The Ritz Cocktail
Original Recipe by Dale DeGroff, presented by Phil Greene

  • 1 oz Martell’s Medallion VSOP Cognac
  • ½ oz Cointreau
  • ¼ oz Luxardo Maraschino Liqueur
  • ¼ oz fresh lemon juice
  • Champagne
  • Garnish with flamed orange peel

To make one, shake the Cognac, Cointreau, lemon juice and maraschino liqueur with ice, strain into a chilled cocktail glass, then top with chilled Champagne. To make a batch, multiply first four ingredients by the number of drinks you’d like to make, stir well in a pitcher, then strain into chilled cocktail glasses, about one-third full each. Top each with chilled Champagne.

The Tom and Jerry
Original recipe by Jerry Thomas, presented by Phil Greene

For the batter:

  • 12 fresh eggs, separated
  • 3 cups granulated white sugar
  • 1.5 teaspoons ground cinnamon
  • 1/2 teaspoon ground cloves
  • 1/2 teaspoon ground allspice
  • 2 ounces Depaz Blue Cane Amber Rhum Agricole

In a large bowl, beat egg yolks well, adding the sugar while beating.  In a separate bowl, beat the whites until the peaks are stiff.  Add the spices and rum to the yolks.  Mix in the stiff whites and stir until the mixture is the consistency of a light batter.  (1 teaspoon of cream of tartar or 1/4 of bicarbonate of soda will prevent the sugar from settling to the bottom of the batter).

For the drink:

  • 2 tablespoons of batter
  • 1 1/2 ounces Martell’s cognac
  • 1/2 ounce Depaz Blue Cane Amber Rhum Agricole
  • 3 or 4 ounces boiling water
  • freshly grated nutmeg, for dusting

Add batter to a pre-heated ceramic mug.  Add the spirits and the boiling water and stir.  Dust with nutmeg and serve.

Glögg (1898 version)

  • 181 liters Wine Blend mixed from full-bodied red wine, fortified wine and Port wine cask sediment.
  • 188 liters Cognac
  • 64 liters Sherry
  • 90 kilos Sugar
  • 425 grams Cinnamon
  • 260 grams Cardamom
  • 250 grams Bitter Almond
  • 6 kilos Raisins
  • 100 pods Vanilla

Glögg (2008 version)
Presented by Derek Brown

  • 1 bottle of full-bodied red wine
  • 1/2 cup Aquavit
  • 1 tsp. crushed cardamom seeds
  • 2 tsp. cloves
  • 1/2 tsp. grated ginger
  • 2 tsp. freshly grated orange zest
  • 2 cinnamon sticks
  • 1/2 cup almonds — blanched
  • 1/2 cup seedless raisins
  • 1/2 cup brown sugar

Steps

  1. Bring wine to boil.
  2. Tie spices and zest in a cheesecloth bag
  3. Simmer for 20 minutes. Add in almonds, sugar and raisins; cook for 5-10 minutes.
  4. Remove from heat.
  5. Add in Aquavit.
  6. Stir, and remove spices.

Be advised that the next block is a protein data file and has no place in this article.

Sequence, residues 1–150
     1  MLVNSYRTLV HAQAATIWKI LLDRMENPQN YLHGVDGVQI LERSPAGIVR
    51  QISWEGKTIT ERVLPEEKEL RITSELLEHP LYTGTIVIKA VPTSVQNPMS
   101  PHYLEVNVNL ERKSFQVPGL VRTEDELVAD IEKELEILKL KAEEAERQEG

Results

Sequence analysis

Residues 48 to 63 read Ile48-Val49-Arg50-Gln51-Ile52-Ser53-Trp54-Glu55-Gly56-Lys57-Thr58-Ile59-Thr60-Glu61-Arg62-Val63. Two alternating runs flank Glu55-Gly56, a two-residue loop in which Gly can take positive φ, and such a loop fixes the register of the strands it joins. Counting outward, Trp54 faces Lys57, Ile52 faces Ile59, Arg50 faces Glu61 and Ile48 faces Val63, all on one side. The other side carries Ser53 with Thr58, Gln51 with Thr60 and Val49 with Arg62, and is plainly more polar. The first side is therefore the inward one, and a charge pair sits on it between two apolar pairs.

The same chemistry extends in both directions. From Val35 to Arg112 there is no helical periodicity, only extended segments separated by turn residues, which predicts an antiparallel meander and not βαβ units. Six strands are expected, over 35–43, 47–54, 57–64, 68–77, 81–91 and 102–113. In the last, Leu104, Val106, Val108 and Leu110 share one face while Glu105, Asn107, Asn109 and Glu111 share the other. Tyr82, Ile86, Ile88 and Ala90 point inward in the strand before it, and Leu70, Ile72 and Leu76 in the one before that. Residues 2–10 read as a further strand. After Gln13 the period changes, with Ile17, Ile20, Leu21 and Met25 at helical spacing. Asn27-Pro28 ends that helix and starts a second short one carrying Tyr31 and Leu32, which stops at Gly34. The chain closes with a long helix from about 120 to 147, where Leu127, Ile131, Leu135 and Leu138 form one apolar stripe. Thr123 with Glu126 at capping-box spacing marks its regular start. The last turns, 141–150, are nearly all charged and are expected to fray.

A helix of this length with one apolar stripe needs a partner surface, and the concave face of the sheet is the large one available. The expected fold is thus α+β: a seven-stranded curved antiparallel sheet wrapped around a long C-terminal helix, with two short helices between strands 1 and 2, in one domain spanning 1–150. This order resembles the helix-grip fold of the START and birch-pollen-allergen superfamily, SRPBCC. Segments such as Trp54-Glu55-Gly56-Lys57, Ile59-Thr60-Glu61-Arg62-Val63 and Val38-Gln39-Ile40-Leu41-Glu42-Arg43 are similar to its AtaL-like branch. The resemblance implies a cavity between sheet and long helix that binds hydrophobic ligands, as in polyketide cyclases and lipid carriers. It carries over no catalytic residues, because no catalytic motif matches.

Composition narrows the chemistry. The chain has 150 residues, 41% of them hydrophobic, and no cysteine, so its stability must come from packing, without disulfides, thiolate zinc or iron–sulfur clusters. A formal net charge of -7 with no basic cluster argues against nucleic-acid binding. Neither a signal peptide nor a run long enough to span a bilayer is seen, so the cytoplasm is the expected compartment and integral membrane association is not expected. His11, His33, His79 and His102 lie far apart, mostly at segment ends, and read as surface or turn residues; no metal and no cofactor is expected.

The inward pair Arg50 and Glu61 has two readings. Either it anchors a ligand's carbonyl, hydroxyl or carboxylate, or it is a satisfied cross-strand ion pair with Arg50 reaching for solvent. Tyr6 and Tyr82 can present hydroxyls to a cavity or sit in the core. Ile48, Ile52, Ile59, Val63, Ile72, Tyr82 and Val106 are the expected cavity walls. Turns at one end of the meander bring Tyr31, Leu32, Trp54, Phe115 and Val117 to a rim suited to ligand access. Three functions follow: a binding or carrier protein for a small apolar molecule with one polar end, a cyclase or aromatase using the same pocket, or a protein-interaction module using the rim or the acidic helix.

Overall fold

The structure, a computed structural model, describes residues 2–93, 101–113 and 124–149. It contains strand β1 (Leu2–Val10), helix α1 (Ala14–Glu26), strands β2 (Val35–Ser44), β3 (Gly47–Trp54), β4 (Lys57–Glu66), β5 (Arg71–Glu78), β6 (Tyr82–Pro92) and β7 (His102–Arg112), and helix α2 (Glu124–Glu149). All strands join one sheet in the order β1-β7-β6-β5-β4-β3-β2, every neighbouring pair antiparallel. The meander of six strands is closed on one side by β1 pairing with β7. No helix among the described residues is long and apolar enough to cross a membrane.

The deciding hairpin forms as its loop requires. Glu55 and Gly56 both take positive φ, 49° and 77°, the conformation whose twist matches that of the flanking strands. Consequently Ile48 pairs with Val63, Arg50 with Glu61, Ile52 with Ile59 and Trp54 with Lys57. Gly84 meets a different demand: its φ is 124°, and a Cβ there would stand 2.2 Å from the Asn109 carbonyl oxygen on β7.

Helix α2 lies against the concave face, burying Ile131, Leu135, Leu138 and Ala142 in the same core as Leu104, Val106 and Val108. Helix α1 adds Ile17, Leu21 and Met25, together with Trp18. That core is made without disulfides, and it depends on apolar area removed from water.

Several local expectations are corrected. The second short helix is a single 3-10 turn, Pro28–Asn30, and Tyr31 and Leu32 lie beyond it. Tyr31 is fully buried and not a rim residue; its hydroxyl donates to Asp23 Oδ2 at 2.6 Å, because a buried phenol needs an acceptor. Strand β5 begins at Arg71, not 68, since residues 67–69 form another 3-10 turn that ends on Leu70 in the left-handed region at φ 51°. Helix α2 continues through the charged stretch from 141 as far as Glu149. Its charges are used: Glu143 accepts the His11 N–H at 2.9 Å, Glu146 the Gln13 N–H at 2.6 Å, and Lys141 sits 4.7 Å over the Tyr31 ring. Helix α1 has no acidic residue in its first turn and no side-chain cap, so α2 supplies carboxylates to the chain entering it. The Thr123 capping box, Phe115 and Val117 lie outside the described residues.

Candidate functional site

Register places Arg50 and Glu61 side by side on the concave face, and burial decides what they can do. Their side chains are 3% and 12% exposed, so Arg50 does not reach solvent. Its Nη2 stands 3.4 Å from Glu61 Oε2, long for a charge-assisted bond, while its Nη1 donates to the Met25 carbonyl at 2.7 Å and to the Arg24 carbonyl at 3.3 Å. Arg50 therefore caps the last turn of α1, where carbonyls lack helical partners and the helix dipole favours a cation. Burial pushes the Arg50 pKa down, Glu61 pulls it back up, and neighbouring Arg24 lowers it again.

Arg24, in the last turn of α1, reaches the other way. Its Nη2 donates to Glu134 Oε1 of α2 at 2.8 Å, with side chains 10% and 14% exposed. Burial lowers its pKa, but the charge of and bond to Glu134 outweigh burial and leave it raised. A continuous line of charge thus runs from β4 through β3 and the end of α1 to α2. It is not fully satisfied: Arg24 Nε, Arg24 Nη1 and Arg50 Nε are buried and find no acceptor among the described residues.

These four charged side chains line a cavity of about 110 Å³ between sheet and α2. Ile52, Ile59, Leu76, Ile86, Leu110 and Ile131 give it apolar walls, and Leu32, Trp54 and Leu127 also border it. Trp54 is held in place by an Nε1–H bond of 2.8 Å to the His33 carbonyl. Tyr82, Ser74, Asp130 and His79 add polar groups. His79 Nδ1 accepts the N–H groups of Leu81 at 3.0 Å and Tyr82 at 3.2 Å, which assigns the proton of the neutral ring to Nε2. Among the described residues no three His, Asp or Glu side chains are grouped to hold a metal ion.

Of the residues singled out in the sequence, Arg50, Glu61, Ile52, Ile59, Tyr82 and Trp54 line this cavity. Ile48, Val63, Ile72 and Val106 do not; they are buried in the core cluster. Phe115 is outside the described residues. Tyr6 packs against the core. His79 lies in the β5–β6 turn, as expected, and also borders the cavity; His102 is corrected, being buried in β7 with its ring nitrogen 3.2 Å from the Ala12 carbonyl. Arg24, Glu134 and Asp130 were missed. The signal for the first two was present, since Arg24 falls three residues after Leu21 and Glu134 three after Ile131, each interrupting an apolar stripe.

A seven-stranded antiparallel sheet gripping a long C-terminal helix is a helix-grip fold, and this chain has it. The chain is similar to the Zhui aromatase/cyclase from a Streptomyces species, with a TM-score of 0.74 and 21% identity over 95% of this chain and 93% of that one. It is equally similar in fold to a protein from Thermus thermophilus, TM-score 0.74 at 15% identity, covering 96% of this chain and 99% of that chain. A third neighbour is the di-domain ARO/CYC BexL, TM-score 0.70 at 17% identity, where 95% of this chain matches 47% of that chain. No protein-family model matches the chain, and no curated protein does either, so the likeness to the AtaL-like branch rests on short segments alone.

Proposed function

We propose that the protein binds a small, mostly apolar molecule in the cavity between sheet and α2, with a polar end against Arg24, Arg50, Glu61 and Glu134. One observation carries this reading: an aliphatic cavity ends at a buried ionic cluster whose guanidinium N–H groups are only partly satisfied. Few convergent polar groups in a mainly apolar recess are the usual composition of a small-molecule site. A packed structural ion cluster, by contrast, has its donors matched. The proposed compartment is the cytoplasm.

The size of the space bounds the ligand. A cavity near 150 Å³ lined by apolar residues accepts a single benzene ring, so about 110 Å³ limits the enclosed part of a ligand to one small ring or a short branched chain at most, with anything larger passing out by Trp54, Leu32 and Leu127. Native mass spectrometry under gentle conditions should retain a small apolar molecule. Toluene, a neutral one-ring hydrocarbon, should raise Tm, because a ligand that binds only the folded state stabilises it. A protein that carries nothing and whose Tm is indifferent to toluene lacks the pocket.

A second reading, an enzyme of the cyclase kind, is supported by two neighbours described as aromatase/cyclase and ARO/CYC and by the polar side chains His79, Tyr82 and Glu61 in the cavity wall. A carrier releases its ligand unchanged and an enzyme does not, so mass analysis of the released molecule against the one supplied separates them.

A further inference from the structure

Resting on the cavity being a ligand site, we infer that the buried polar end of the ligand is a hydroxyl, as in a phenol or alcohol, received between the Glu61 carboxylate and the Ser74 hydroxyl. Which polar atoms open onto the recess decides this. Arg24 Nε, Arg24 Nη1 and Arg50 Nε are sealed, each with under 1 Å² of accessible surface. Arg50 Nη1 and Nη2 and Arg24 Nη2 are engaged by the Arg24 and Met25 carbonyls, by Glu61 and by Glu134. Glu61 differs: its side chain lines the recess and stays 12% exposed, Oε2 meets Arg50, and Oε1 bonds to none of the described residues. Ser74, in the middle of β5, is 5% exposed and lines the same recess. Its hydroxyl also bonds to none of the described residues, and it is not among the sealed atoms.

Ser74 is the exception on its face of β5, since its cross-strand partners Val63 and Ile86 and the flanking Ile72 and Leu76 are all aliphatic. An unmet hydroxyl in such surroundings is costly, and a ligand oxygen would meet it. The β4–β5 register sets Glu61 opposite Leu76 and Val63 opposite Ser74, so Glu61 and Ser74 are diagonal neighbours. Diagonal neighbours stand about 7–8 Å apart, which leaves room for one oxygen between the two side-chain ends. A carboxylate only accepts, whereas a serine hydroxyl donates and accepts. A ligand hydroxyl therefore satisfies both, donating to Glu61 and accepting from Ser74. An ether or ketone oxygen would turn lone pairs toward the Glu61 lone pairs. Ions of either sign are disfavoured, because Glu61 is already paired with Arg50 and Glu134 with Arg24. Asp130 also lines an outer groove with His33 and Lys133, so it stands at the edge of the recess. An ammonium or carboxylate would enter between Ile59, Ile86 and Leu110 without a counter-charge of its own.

7. Serve hot in a mug.

Baltimore Egg Nog
Inspired by the recipe by Harry Johnson, presented by Owen Thomson (amount in parentheses is for making a large batch)

  • 2oz Madeira (40oz)
  • 1oz Martell’s Medallion Cognac (20oz)
  • 1oz Mount Gay Dark Rum (20oz)
  • 1 Whole Egg (20 eggs)
  • 1/2 Cup milk (10cups)
  • 1/2 tsp powdered sugar (10tsp)
  • Nutmeg

Vino Navegado
presented by Owen Thomson

  • 5 liters Red Wine
  • 1 cup sugar
  • 2 oranges cut into slice
  • Cinnamon Sticks (8-10)
  • Allspice (2 Tbsp)
  • Clove (1 Tbsp)

Hot Buttered Rum
By Justin Guthrie

  • 32 ounces water
  • 1 cup brown sugar
  • 2 whole cinnamon sticks
  • 2 cloves
  • 2 allspice berries
  • 1 stick butter
  • Mount Gay Dark Rum
  • Whipped cream

Glass: Footed mug

Combine water, sugar and spices in a sauce pan. Bring to a simmer until sugar has dissolved. Maintain a low simmer for fifteen minutes to allow flavors to develop. Bring down heat to low/medium low and add butter. Allow butter to melt.

Preheat mug by filling with hot water and letting stand for 1 minute.

Dump water and add 1.5 ounces of rum. Ladle 3.5 ounces butter/spice tea into mug and stir to combine with rum. Top with whipped cream.

The Classic Mojito

  • 1 1/2 oz Mount Gay White Rum or Depaz Rhum Agricole
  • 3/4 oz fresh lime juice
  • 1 Depaz Cane Syrup (or simple syrup)
  • 6 mint leaves

Shake vigorously w/ice, strain into tall glass filled w/ice, top w/seltzer, garnish w/mint sprig

The Holiday Mojito
By Phil Greene

  • 1 1/2 oz Mount Gay White Rum or Depaz Rhum Agricole
  • 1 oz Domaine de Canton Ginger Liqueur
  • 3/4 oz fresh lime juice
  • 6-10 ripe cranberries
  • 6 mint leaves

Shake vigorously w/ice, strain into tall glass filled w/ice, top w/seltzer, garnish w/powdered sugar-frosted mint sprig

Photos courtesy Jody Kurash, Ross Lee Tabak, Nick Wineriter, Phil Greene, Niyati Shah